Kate’s artistic eye for the Tamar Valley

By Aaron Kendall   |   Assistant Editor   |
Wednesday 13th April 2016 1:46 pm
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THE natural beauty of her surroundings and a passion for history and art has led to a Gunnislake woman collecting paintings on a subject obviously close to her heart — the Tamar Valley.

Kate Threlfall, a volunteer trustee for the Calstock Parish Archive Trust, is always, along with her husband Mike on the outlook for early paintings by artists, famous — and not so famous — which depict scenes of her beloved valley.

With a degree in history from Newcastle University and a career as a solicitor, research and old documents hold a fascination for Kate.

She came with Mike to Gunnislake in 1973 and asked local rector, the Reverend Gordon Ruming if he had any documents of local history; he brought out all the births, deaths and marriages registers and the Calstock Church seating plan and her local research opened a new chapter in her life.

Having left the area with her family in 1983 to live in east England she and Mike returned in 2012. Now retired she became an active volunteer with the parish archive, busy updating its website (www.calstockhistory.org.uk) and its social media pages, writing books on local subjects and giving ‘walks and talks’. However it has also become a bit of a hobby to track down, with Mike, potential Tamar Valley paintings on on-line auction sites.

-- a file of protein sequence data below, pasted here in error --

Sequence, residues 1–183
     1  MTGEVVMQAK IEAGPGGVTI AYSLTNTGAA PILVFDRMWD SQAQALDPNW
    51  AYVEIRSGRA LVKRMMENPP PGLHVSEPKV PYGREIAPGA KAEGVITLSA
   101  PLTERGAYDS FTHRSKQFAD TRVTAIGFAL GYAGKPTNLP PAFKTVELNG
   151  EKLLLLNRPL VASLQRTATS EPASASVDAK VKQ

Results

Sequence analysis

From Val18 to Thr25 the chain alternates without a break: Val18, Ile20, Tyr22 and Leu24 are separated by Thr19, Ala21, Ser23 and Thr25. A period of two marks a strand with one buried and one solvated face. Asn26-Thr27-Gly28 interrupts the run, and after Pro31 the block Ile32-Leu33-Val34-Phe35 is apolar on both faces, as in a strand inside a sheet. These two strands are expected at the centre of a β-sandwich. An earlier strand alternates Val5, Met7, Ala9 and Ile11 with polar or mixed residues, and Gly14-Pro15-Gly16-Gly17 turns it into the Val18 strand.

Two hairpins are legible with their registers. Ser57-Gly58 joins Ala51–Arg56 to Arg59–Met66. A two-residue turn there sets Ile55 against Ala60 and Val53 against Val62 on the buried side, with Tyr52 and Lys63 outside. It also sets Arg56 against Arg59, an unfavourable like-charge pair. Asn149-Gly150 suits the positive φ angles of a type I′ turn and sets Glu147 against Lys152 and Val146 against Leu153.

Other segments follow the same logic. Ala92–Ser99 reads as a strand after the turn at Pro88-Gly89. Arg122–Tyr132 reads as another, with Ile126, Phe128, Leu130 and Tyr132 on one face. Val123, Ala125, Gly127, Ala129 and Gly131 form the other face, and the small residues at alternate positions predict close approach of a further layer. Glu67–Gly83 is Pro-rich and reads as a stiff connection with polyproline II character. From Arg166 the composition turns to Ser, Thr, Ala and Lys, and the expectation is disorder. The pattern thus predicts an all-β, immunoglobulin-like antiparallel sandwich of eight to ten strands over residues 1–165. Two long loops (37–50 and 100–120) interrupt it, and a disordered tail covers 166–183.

Invaluable insight

Explained Kate: ‘What you have to remember is that these paintings in the 18th and 19th century are before photography and they provide an invaluable insight in to the history of the valley. The scenes these artists sketched and painted and the topography of the river and the valley is not exactly like it is today. Nowadays the river has all been banked up and straightened out and there are no longer many coves and inlets.

‘In the 18th and 19th centuries artists were seeking out the romantic and picturesque to paint, and the Tamar Valley soon became a favourite place to visit. The river, with its rocky crags and woods, was visited by the famous Joseph Turner in 1813, and he made numerous sketches around Gunnislake, and indeed painted a major oil painting using some of the basic topographical features around Newbridge.

‘There was a romantic movement flourishing at the end of the 18th century where paintings have very romanticised landscapes. These helped to make the Tamar Valley at the time popular with tourists.’

Other artists were also attracted by winding river and lush vegetation — Philip Mitchell (1814-1896) was born in Devonport but lived and painted in Cornwall. He was active in the 1860s and painted two large exhibition standard watercolours of Gunnislake Lock and Canal, from north and south.